To understand how you too can do this, read our white paper which contains a step-by-step slide show explaining the necessary steps an organization must take to bring about real change. In this way, you and your business can overcome today's challenges and boldly embrace the future.
To download our white paper, "Everything is Changing but Change Management. Why Is It Not Working?," click below.
What is culture anyhow?
In the very simplest definition, culture is the way people think, act and behave. For us to interact with others, we need to share common values, stories, beliefs and ways of doing things. We cannot live without culture. It's the essence of who we are as humans.
Successful firms have intentionally built cultures. If a company is aggressive and competitive, and its employees always want to win, it will build a culture around those values. On the other hand, if a company is entrepreneurial and likes innovation, teamwork and visionary ideas, it will build a culture around those things.
Culture also creates a collective identity and a commitment to that identity. It becomes a company's brand. And if you have a good strong brand, you want to make sure you're living it, living the culture.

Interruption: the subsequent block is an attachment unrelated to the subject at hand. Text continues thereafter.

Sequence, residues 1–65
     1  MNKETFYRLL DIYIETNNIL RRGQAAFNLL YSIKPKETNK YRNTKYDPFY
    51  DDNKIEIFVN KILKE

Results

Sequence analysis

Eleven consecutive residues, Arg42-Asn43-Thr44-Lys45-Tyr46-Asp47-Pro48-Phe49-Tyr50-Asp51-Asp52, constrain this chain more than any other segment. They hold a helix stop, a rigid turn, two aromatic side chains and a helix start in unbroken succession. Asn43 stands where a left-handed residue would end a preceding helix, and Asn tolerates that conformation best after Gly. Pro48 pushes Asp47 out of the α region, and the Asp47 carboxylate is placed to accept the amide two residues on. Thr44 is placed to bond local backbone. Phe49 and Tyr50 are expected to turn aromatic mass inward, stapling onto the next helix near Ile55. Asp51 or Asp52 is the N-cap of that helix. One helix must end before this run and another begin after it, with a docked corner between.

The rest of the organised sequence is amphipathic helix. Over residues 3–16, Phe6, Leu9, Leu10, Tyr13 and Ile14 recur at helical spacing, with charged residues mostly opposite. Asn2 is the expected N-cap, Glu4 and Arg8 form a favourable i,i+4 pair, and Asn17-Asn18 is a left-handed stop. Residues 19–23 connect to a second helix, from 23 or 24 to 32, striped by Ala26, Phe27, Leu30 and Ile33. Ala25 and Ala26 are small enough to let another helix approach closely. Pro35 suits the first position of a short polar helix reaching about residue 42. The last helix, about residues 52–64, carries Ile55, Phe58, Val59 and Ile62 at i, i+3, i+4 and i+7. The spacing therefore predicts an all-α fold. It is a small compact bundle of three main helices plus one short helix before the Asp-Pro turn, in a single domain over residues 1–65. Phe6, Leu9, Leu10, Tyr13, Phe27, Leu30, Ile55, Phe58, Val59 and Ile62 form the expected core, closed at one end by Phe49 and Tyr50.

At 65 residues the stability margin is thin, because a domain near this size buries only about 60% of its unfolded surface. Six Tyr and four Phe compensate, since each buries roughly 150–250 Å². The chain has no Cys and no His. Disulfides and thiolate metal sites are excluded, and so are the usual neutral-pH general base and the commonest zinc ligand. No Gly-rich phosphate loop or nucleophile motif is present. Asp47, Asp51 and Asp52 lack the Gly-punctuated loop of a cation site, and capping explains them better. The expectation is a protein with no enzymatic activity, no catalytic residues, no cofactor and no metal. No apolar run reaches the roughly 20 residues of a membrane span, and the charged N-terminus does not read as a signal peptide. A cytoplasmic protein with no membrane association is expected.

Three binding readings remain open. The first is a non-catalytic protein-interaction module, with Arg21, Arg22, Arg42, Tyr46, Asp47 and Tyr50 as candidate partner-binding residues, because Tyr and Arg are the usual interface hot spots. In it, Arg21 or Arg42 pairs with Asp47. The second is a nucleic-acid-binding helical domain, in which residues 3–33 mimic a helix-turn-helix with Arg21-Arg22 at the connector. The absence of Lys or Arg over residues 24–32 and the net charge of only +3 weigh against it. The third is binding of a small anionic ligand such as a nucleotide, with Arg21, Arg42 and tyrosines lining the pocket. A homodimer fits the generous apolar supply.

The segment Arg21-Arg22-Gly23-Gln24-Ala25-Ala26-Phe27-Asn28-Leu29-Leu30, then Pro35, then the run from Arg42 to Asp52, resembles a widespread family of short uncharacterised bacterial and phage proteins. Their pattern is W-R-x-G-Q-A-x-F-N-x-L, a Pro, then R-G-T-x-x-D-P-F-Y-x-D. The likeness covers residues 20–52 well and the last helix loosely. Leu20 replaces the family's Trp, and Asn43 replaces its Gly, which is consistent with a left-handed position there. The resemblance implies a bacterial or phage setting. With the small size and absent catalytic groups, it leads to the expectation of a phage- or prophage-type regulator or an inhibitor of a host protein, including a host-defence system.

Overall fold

Wondering what your culture is? Perhaps this presentation can help.
Recently I was interviewed by INSIDE Public Accounting on the business applications of corporate anthropology. I will be speaking at IPA's 2018 PRIME Symposium conference, so this interview served as a kind of sneak peek into what I will focus on in the culture change workshop I'll be conducting. (You can read the entire interview here.)
My focus was on the importance of observational research to better understand why people behave the way they do, especially when interacting with a product or service. By observing behaviors, anthropologists are trained to see things people do not always know they are doing. These observations then lead to all types of insights, changes to processes, modifications to services, and even innovations.
Equally important was how these "new" ideas and insights help organizations rethink what they are doing. Often, they can better hone in on their targets because now they have a deeper understanding of their own "ways of doing things" and how well they align (or don't align) with their customers' needs.
Since we know that change is painful, observing with fresh eyes how something is being done can often enable people to better see ways to change those habits. Pretty amazing insights emerge from a little anthropology!